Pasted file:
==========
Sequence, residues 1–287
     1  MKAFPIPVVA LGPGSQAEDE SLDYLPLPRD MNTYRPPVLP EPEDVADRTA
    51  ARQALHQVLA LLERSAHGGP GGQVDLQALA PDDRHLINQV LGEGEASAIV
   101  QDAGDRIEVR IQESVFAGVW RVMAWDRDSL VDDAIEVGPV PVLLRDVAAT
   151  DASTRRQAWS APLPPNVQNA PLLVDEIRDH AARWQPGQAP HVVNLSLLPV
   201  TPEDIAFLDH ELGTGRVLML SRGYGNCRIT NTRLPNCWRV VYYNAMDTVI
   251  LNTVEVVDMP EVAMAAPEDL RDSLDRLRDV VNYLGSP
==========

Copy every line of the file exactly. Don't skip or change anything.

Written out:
Sequence, residues 1–287
     1  MKAFPIPVVA LGPGSQAEDE SLDYLPLPRD MNTYRPPVLP EPEDVADRTA
    51  ARQALHQVLA LLERSAHGGP GGQVDLQALA PDDRHLINQV LGEGEASAIV
   101  QDAGDRIEVR IQESVFAGVW RVMAWDRDSL VDDAIEVGPV PVLLRDVAAT
   151  DASTRRQAWS APLPPNVQNA PLLVDEIRDH AARWQPGQAP HVVNLSLLPV
   201  TPEDIAFLDH ELGTGRVLML SRGYGNCRIT NTRLPNCWRV VYYNAMDTVI
   251  LNTVEVVDMP EVAMAAPEDL RDSLDRLRDV VNYLGSP